Foie Gras [French for "fatty liver"] is banned by PETA [People for the Treatment of Animals], and other animal advocacy groups. This food item, considered a delicacy by many is the controversial force feeding of geese with more food they would normally consume at one-seating in the wild. Food critics say the process is almost as grotesque as its price on restaurant menus.
PETA & Anti-Foie Gras
According to PETA, two to three times a day, farmers pump up to 2 pounds of grain into the birds' stomachs, via metal pipes forced down their throats, Considered by many as an inhumane, this procedure causes the bird's livers to swell up to almost 10 time their normal size. In many cases, the pipes puncture the geese' throats, and that much food can actually rupture their stomachs and internal organs causing fatalities.
Major companies—including Aramark, Costco, FreshDirect, Postmates, Target, and Whole Foods—have stopped selling foie gras, and world-renowned chefs Wolfgang Puck and the late Charlie Trotter removed it from their menus.
PETA also notes that foie gras production is so cruel, it's been banned in several countries as well as the state of California.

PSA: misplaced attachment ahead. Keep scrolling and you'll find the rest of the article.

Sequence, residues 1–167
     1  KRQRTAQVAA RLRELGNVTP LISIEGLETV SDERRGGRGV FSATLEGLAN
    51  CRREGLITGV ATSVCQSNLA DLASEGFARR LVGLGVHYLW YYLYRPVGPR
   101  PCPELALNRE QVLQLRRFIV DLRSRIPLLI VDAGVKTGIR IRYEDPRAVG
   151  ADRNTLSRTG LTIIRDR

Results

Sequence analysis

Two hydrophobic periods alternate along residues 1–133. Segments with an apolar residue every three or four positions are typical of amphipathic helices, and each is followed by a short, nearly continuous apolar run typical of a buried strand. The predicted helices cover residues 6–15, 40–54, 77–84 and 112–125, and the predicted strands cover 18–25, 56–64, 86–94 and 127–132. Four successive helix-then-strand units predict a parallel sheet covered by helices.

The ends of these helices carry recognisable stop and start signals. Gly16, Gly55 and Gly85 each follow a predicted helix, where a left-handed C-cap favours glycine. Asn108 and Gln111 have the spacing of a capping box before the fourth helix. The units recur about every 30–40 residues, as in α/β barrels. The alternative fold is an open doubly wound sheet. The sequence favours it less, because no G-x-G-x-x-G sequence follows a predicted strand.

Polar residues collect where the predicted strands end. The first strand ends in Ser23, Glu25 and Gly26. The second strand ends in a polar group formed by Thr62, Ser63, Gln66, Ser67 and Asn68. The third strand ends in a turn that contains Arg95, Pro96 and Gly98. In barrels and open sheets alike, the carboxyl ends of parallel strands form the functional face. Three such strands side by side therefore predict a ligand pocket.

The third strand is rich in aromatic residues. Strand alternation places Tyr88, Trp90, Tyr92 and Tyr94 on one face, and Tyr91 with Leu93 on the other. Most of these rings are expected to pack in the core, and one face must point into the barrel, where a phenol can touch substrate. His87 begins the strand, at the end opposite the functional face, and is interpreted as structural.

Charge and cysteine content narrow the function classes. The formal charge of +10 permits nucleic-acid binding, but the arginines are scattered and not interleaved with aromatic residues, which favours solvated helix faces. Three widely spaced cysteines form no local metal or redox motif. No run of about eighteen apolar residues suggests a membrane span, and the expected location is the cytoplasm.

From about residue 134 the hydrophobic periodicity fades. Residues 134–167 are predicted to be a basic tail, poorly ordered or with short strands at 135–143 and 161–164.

The California Ban
In January, 2019, the U.S. Supreme Court rejected the foie gras industry's latest challenge to California's ban against the French delicacy, leaving intact a ruling issued by a Pasadena-based appeals panel.
The state law went into effect in 2012, banning the sale of foie gras, but it was challenged in Los Angeles federal court by an association of foie gras producers in New York and Canada, who argued that the measure was vaguely written and interfered with state commerce.
PETA stepped in applauding the high court's decision. “The food industry has failed to end the ban on the sale of foie gras, which is made from tormented birds' diseased livers and the production of which late 9th Circuit Judge Harry Pregerson — one of the members of the three-judge panel who had heard the case in 2017 — explicitly stated is ‘absolutely cruel,’” PETA President Ingrid Newkirk said in a statement.
The late Chef Anthony Bourdain and chef/writer Michael Ruhlman have been in support of foie gras production when the geese are humanely treated, and stated that the footage seen in the videos of critics is cruel but that no reputable chef would buy such product.
So, readers are you foie gras diners? If so, what is your thoughts on its controversy. Please comment below with as to your culinary experience with this delicacy. Pro or con?
Primary Source: PETA